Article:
Incoming Call Sheet for Lawn Care Estimates and Jobs.

It’s easier in the early stages of your lawn care business to not have to keep detailed records. Sure you might remember your mowing schedule in your head. Keep a listing of a few phone numbers in your phone and run everything else on post it notes as new calls come in. At some point, not having structure in the way you keep your customer information is going to cause you big problems. In this discussion from the Gopher Lawn Care Business Forum, we hear from one entrepreneur who created an easy yet useful method to keep track of new incoming phone call information. See if any of these suggestions can help you improve the way you operate.

One lawn care business owner wrote “let me start by saying that while this worked for me in my first mowing season, there may be better ways of doing things. I don’t claim that this is the best method, only that it worked for me when I had no other means of keeping track of my jobs since I didn’t have a computer or lawn care business software to do such things.

I started out with a notebook. That was a bad idea in that I had no uniform way of taking down information from incoming calls, and there was no way to organize information in any useful way. It just didn’t work. I decided that I needed a sheet dedicated to taking down info from incoming calls - some sort of ‘form’ that allowed me to fill in the blanks while talking to the person on the phone. Before doing so, I would sometimes find that I had forgotten to get information and would need to call back to get it.

I had intended these sheets to be used as estimate sheets only, but as it turned out, I found that I could keep track of things through the entire season once a client had signed up.

I recently tweaked my form by adding a few items that I found myself writing in by hand last season. I know that there are a lot of newbies reading that are looking for any help they can get, so I thought I’d share what I put together in hopes that it may help someone. I’ll add a PDF attachment in this post. It’s a two page document, I printed it on both sides.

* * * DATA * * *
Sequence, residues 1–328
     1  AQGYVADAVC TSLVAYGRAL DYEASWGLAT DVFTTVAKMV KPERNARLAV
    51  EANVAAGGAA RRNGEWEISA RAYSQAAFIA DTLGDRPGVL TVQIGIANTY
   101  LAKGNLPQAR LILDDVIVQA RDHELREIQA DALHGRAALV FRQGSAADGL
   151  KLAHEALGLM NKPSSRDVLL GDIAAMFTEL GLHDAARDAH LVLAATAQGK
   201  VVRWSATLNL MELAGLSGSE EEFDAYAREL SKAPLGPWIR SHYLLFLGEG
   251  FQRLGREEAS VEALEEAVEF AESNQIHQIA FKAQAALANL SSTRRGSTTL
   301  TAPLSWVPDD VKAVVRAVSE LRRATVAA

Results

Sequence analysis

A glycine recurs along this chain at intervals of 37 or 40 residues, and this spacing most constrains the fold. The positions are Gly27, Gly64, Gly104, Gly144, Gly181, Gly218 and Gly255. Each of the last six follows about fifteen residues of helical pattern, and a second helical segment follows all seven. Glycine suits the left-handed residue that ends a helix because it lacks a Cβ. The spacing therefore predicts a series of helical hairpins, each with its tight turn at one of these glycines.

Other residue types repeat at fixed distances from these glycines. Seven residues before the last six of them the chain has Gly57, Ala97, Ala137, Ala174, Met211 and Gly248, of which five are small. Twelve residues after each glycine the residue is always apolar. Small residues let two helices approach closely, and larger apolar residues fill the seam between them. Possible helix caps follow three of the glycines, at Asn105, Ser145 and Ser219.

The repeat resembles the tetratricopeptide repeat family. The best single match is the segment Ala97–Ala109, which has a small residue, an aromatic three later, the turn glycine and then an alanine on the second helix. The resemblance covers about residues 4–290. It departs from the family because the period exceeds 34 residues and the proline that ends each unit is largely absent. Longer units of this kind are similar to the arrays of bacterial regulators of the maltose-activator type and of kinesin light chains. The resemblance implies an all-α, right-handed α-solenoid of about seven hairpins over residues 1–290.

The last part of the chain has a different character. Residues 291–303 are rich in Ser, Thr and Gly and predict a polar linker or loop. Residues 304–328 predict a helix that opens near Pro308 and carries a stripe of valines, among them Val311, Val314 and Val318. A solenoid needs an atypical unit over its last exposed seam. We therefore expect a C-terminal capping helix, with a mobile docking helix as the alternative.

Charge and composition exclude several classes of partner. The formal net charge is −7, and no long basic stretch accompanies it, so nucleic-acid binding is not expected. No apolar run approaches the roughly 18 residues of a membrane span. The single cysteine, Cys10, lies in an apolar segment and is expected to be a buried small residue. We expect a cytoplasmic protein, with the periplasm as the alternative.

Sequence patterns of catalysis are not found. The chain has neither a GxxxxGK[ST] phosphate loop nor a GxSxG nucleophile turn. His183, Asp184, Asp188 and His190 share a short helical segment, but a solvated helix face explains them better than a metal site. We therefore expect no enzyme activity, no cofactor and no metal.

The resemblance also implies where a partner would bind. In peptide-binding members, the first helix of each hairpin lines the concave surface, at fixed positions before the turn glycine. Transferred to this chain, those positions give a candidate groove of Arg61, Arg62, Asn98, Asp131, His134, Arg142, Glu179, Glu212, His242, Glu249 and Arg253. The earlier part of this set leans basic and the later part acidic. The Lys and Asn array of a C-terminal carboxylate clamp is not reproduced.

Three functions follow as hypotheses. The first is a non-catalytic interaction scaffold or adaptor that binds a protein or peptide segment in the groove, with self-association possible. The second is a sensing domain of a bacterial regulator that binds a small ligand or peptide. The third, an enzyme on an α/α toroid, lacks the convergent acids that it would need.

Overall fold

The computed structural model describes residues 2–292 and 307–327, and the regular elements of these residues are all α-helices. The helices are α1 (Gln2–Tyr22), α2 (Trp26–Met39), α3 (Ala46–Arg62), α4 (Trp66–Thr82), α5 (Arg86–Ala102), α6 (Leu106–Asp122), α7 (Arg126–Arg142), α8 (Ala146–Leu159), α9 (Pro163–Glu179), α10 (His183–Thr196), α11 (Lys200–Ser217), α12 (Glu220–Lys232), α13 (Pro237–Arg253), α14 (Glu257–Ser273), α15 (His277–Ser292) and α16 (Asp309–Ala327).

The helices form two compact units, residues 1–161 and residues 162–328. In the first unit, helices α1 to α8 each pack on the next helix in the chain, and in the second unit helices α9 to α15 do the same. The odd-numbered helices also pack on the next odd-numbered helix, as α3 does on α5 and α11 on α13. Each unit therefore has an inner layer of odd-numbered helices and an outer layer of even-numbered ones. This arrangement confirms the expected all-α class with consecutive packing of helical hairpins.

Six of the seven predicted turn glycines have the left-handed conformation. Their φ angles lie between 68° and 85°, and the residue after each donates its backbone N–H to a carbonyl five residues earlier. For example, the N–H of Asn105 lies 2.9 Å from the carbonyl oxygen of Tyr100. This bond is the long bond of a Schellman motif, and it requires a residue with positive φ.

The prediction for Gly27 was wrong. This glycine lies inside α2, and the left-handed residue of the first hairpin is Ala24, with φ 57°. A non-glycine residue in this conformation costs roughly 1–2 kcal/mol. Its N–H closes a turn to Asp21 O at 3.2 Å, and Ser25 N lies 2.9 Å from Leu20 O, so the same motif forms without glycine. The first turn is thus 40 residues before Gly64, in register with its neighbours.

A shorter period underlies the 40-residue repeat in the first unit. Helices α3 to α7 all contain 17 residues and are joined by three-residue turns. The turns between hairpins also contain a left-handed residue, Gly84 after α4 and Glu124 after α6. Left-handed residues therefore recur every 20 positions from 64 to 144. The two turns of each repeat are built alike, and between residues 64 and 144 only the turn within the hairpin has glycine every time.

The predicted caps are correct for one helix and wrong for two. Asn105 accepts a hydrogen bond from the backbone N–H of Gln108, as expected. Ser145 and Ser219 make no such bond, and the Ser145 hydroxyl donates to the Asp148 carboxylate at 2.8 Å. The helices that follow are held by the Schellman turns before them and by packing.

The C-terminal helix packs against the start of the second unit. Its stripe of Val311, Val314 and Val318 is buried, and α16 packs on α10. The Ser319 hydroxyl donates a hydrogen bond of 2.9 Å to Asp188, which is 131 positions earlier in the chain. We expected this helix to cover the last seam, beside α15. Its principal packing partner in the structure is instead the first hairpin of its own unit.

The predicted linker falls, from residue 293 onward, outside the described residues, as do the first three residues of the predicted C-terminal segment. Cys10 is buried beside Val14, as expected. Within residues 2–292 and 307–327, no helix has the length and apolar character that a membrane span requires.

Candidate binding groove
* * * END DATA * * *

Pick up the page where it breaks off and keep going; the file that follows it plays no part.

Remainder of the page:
I always have a clipboard with these sheets in my truck as well as a stack at home near my desk. When a call, or email comes in for an estimate, I fill out the sheet and take it with me on the estimate. I can conveniently take notes on the property, note client requests, etc. These notes are now available any time I need to refer to them throughout the season.

After I get the OK to start the job, I then keep track of the cuts/jobs performed on the lower portion. I note the date, work done (Mow, Hedges, Cleanup, etc), job price, and whether payment was received. Once my schedule is set, I just take the sheet with the customer info and sort it by day they get cut. I have a nice binder with a pocket on the front that I keep today’s jobs in. Inside the binder are pocket dividers for each day of the week where the rest stay.

I’d say a full half of my clients communicate with me by text almost exclusively. I like it because once I know they can accept texts, I don’t feel like I’m intruding if I need to ask something - not like I would if I had to make a call. It also is a record of what was asked/agreed upon.

There are several benefits that I’ve found to using this record keeping process.

  • This keeps all the important info in one place.

Prior to using these, I used a notebook, loose sheet of paper, sticky notes… This resulted in lost info, fumbling around trying to remember what I wrote, and where, half the info in my truck while the rest is in the house, and a generally unorganized way of doing things.

  • I don’t forget to ask questions.

With incoming calls, I used to forget to ask if the number they gave me was a cell or home number. Now, as I’m writing, I see the spot on the sheet to circle one, or the other, and I never forget to ask.

  • It looks more professional.

If I’m standing there speaking to the client while taking down info, it looks a little better than making notes in a yellow notepad.

  • All info is at my fingertips.

I can use the same sheet from the time a client first calls for an estimate, all the way through to the end of the season. All my notes on what mower height I used on the lawn, hidden obstacles, their pet’s names, their work hours, time it takes to complete their lawn, and more, are all in one place. Even if I start to implement my laptop, this sheet will still be just as useful to me.”

Read more about Lawn Care Business Bidding Tips, Upsells, And Disasters To Avoid. Learn how to improve your bidding process with this book and be prepared before hand by knowing what you should be looking out for before a problem occurs.ā€¯

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